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The reported rates on mortgage loans remained slightly above 10% most of the time from 1947 through 1959. While these were high rates by U.S. standards, they were below the corresponding rates in many other Latin American countries, and they were remarkably stable. PERU Peruvian interest rates are represented in Table 83 by two series: the official discount rate from 1932 through 1985, and government bond yields from 1936 through 1965. The latter are based on average current yields of an issue of 7% bonds that in 1943 were converted to 6% bonds. These Peruvian interest rates were high. The discount rate fluctuated between 5% and 6% from 1932 through 1958, and then rose to 9.50% in 1960. This was at the time the highest discount rate reported by any Latin American country. The discount rate remained unchanged at 91 2% from 1960 through 1975. In the following decade, it climbed steadily to 72% in 1985, when reports cease. Peruvian bond yields of 11.50% in 1959 were also the highest reported in this chapter for the 1950 s. These bond yields were first reported at 8.10% in 1936. They declined in the 1940 s to a decennial average of 7.05% and advanced in the 1950 s to a decennial average of 8.27% and a high of 11.5% annual average in 1959. Thus, during these twenty-five years, they followed the general pattern by declining through World War II and rising in the post-war period. They reached their high of 11.5% in 1959, and thereafter declined to 6.75% in 1965, when the official reports were discontinued. COLOMBIA Colombian interest rates are represented in Table 83 by two series: the official discount rate from 1930 through 1989 and a series of government bond yields from 1930 through 1955. The latter were based on the current yield of an issue of bonds due in 1971 that had a coupon of 7% prior to 1941 and 6% thereafter. The interest rates reported by Colombia in the 1950 s were not as high as those reported by many other countries. In the early 1930 s, however, Colombian interest rates had been very high. The discount rate began in 1930 at 8%, declined to 4% by 1934, and stayed there until 1959, when it was raised to 5%. Commercial loan rates were reported at 6% in 1946 and 6 9% in 1958. Both rates were moderate for Latin America. After 1962, the Colombian discount rate rose steadily to reach 30% in 1979, a level that was more or less maintained through the 1980 s. Colombian government bond yields were very high in 1931 1932, rising almost to 14%. They declined thereafter, but did not go below
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Table 83 Mexican, Peruvian, and Colombian Interest Rates: Annual Averages, 1930 1989
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Table 83
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8.17% in the 1930 s, and averaged 10.25%. In the 1940 s, the new series of 6% bonds sold at lower yields: 6.28 7.13%. In the early 1950 s, yields fluctuated in a similar range, which was well below the Peruvian, Chilean, and Brazilian bond yields. They were the highest reported here for Latin America in the early 1930 s and the lowest, except for Uruguay, in the early 1950 s, when reports cease.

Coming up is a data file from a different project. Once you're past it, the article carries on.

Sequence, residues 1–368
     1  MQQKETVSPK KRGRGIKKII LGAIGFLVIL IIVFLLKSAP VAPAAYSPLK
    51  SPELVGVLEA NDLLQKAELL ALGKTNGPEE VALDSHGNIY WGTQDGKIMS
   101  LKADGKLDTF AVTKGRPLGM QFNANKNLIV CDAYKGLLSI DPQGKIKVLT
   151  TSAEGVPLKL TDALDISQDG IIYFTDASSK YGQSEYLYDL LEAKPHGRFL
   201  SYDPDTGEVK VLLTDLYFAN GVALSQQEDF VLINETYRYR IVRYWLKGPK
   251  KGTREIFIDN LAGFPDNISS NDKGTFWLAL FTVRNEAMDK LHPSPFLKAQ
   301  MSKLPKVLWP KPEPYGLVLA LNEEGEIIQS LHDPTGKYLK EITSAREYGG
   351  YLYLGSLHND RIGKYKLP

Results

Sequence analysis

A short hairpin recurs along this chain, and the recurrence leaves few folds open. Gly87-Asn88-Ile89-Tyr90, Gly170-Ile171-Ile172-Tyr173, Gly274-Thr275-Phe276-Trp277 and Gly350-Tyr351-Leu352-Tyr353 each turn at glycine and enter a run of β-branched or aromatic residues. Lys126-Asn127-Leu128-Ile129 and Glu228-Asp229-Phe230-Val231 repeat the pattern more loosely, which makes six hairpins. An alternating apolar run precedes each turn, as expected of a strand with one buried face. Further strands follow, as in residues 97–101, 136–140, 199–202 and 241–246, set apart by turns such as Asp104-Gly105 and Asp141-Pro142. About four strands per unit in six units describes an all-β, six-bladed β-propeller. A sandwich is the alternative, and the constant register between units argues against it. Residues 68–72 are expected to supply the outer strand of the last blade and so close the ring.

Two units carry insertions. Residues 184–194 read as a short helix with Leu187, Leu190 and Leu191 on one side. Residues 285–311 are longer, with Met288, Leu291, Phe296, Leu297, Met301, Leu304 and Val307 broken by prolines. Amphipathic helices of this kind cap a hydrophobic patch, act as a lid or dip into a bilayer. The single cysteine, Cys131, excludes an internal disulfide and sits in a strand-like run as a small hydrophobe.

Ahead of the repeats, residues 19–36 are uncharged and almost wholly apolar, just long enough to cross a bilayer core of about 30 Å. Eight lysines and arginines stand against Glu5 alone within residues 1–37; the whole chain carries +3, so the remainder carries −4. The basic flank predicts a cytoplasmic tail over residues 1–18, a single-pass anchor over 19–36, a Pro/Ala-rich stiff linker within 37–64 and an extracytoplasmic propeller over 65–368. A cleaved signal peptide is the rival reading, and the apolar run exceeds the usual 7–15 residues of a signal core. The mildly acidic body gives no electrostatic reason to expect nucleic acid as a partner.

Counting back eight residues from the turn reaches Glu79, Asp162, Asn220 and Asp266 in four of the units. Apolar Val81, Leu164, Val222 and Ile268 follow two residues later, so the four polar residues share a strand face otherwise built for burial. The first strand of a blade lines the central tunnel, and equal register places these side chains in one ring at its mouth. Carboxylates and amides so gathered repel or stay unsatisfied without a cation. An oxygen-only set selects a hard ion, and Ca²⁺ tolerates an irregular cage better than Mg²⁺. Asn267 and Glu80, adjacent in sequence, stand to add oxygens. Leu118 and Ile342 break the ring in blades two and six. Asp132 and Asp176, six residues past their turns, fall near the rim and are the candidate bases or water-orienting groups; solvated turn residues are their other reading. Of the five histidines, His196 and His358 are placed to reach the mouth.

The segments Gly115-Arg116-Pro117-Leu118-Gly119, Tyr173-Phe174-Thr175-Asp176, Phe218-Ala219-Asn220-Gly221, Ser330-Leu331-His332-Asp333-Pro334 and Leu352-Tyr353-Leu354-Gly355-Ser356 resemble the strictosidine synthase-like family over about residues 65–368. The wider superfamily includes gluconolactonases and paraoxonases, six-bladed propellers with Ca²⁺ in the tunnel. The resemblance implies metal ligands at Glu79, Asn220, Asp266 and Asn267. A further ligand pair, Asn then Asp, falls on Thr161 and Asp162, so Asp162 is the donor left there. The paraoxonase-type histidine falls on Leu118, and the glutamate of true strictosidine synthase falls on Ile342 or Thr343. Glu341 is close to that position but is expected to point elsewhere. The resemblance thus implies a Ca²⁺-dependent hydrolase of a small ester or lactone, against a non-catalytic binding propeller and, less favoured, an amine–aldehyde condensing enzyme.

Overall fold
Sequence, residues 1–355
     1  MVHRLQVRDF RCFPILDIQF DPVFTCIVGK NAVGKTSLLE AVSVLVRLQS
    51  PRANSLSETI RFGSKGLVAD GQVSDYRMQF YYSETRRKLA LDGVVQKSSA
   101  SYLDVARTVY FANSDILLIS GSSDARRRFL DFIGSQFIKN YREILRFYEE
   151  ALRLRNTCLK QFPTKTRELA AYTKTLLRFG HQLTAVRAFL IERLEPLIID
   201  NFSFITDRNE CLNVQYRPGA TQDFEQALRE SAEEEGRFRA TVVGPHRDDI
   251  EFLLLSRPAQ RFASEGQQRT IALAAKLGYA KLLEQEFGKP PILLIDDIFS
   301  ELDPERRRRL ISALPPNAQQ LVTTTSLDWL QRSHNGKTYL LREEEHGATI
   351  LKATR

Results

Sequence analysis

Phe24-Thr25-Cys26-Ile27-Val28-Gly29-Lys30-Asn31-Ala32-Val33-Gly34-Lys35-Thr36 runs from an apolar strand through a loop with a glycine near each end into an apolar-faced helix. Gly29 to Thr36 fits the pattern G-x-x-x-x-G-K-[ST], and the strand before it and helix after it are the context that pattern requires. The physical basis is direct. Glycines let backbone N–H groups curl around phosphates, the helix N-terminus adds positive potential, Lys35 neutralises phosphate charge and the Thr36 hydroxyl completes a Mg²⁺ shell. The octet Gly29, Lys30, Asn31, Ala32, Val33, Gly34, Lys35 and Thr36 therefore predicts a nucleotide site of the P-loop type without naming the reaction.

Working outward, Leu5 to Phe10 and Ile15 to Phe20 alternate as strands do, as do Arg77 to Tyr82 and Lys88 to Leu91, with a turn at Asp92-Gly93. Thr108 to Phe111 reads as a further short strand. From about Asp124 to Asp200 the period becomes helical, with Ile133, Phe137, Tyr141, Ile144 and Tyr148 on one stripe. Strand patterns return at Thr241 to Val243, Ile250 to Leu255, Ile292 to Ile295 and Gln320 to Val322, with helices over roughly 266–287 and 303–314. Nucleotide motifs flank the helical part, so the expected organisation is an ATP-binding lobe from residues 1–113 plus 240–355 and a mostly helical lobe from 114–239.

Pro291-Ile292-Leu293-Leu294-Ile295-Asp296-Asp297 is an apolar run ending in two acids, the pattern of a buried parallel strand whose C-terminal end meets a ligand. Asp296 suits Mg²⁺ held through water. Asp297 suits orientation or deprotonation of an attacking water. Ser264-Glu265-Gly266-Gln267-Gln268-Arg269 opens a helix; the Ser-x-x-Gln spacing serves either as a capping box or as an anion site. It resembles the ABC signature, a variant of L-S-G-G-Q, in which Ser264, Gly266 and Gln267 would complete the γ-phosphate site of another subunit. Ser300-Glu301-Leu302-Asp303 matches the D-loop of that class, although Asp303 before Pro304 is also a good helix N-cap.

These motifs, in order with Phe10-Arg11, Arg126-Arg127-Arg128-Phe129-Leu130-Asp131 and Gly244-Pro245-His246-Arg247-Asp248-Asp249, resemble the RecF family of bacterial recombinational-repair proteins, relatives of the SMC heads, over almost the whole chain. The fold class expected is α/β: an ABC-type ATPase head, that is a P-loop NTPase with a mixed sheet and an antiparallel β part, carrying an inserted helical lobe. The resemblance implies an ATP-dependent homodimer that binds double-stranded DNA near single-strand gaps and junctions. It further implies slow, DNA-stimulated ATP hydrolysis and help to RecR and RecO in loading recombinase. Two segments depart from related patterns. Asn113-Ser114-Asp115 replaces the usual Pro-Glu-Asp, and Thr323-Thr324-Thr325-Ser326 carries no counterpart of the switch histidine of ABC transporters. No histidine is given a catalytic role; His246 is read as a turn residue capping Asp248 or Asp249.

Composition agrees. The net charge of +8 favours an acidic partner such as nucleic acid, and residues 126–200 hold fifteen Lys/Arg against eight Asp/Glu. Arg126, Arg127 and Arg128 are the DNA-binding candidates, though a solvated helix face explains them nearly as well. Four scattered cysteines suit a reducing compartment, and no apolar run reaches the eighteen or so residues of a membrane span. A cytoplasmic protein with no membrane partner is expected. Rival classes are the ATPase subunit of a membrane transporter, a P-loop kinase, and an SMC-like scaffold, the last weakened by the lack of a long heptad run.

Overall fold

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POLITICAL AND ECONOMIC BACKGROUND The world of 2005 is quite different from the world of 1990, when the third edition of this history appeared. In 1990, there was a Soviet Union and a Cold War. By 2005, both were gone and almost forgotten. When 1990 began, there were two Germanys; when the year ended there was one. In 1990, the nations of Western Europe the European Community looked forward to completion of full economic integration, with a common currency, a European central bank, and further political integration toward something like a United States of Europe not far behind. By 2005, some of these goals, along with an enlargement of the European Union, had been realized. But moves toward more political integration and a proposed European constitution met resistance in some member states. It was not clear whether progress toward European unity would progress, stall, or even be reversed. When 1990 opened, the Japanese economy was thriving, even booming, while that of the United States was wallowing in deficits, debts, and defaults, and slipping toward recession. The Japanese Nikkei index of stock prices reached a record peak of 38,916 on December 29, 1989, while in the United States the Dow Jones Industrial Average closed the year at 2,753. Market capitalization in Tokyo at then-prevailing yendollar exchange rates exceeded that in New York. Americans devoured books on Japan s economic success, how to imitate it, how to respond to it, and how to get ready to play second fiddle. At that very time, however, Japan s stock-market and real-estate bubbles were beginning to collapse, a collapse that would send Japan into fifteen years of recessions,